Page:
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Speech development, speech disorders, phonetics, phonology, articulation, speech perception...and much more!

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Language development, acquisition, verbal language, syntax, morphology, pragmatics...and more!

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Featured Article

Stuttering Problems

There are many stuttering problems for people who stutter. People with an established stutter are aware of the negative effect of repetitions, prolongations, hesitations and blocks on their speech. Their stutter (stammer) may be accompanied by facial tics and uncontrolled body movements. Stuttering can lead to the avoidance of certain activities and to social isolation.

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The Meaning of First Words

In an early and influential publication, Halliday (1975) proposed seven semantic functions that help to classify the meaning of first words used by typically developing children.

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Linguistic Processing

Processing a spoken utterance You might say that there is nothing that remarkable about processing a spoken utterance…

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The Syntactic Problem

The syntactic problem is concerned with the difficulty of assigning roles, such as subject and object, in sentences and the ways in which meanings are bound together. It is concerned with how we derive meaning from sentence structure. The brain analyses sentences by identifying key words, which provide slots into which the meanings of other elements can be bound.

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The Semantic Problem

The semantic problem refers to the question of how spoken utterances are understood – how we derive meaning from sequences of words. Three factors are important in resolving meaning: the phonological form of a word, the other words appearing in the utterance, and the wider context of the discourse.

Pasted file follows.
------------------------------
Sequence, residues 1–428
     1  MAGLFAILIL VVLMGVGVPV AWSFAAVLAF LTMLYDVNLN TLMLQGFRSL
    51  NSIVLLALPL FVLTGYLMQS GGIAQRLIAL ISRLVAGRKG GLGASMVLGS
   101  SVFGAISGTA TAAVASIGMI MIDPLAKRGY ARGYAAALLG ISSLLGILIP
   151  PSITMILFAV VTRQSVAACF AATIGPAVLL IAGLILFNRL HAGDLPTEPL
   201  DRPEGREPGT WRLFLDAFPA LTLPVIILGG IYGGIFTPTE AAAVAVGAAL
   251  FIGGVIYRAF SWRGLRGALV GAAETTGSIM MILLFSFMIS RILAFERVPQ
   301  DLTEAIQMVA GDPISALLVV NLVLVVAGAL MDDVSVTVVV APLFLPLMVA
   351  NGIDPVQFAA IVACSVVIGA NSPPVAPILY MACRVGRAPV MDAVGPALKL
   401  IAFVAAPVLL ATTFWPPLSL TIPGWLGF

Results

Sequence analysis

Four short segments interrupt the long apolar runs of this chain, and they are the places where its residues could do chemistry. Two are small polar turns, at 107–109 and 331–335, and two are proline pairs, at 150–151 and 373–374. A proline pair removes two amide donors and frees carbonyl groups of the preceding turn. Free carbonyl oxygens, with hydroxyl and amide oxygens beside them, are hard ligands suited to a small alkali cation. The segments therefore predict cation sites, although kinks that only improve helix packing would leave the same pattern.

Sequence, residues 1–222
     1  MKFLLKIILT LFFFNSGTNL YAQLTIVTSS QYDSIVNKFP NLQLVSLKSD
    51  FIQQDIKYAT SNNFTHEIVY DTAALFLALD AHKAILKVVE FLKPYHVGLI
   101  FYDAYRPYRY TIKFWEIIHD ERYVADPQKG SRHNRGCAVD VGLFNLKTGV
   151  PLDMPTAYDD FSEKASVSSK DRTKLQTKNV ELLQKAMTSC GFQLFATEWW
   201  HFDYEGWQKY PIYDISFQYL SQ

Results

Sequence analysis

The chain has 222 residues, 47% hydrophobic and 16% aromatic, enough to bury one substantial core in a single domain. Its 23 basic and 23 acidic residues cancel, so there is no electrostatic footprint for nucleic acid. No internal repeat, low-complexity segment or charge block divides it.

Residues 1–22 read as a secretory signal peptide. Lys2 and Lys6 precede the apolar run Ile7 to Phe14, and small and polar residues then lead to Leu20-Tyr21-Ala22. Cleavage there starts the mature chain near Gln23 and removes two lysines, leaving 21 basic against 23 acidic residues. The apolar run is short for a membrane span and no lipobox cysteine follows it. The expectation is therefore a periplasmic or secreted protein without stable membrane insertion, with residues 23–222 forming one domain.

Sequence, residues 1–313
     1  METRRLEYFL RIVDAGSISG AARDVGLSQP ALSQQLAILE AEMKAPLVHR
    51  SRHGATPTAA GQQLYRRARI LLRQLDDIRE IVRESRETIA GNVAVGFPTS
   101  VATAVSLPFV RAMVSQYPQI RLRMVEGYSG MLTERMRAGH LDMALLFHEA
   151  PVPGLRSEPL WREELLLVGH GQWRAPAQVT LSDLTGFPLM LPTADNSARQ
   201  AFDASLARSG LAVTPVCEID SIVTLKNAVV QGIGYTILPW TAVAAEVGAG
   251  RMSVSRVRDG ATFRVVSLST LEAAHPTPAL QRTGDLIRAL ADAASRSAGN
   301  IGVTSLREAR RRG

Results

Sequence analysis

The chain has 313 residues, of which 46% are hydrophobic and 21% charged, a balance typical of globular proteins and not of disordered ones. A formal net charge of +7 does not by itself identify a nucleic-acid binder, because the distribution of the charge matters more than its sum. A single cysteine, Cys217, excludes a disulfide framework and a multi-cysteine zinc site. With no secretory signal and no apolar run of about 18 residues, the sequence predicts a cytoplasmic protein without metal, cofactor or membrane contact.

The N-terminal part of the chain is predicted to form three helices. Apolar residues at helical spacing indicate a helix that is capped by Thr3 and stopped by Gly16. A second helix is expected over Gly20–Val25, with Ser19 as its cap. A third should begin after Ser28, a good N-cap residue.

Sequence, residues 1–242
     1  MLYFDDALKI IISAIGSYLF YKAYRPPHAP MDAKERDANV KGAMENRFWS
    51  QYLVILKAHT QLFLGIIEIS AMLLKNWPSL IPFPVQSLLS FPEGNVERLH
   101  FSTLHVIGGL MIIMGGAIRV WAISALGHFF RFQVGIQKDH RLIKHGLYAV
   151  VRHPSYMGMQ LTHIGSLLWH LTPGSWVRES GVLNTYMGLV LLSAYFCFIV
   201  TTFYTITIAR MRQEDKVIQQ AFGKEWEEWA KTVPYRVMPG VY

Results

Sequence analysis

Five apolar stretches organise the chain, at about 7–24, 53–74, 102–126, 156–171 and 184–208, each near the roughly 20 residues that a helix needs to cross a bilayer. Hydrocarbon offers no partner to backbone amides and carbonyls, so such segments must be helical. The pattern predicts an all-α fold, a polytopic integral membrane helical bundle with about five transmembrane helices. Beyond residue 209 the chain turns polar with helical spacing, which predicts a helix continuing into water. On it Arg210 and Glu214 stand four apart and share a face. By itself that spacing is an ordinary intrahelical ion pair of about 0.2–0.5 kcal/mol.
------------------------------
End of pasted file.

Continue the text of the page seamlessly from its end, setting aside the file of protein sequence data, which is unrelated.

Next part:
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Inference is an essential component of meaning-making and being understood. Since people communicate far more meaning than they ever encode and decode linguistically their meaning must be inferred by the listener. In fact, it is arguable that all human communication, including non-verbal communication, is inferential.

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Problems with the Encode-Decode Model

The encode-decode model states that the thing which makes communication possible is a common language. However, there are several problems with this simple account. For instance, human communication is not typically conducted in a linear, stepwise fashion. Also, the model does not take into account how people both create and process meaning.

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The Encode-Decode Model of Communication

The encode-decode model of communication implies that if a speaker and listener both share the same code – a common language – then communication is possible. Language allows humans to translate thoughts into strings of sounds, syllables and words, and to translate strings of sounds, syllables and words into thoughts. There are, though, a number of difficulties with this model as applied to human communication.

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Linguistic Knowledge Bases

Knowledge of the rules that govern how we encode and decode linguistic utterances can be thought of as being organized into three components: the semantic-syntactic knowledge base, the phonological knowledge base, and the phonetic knowledge base.

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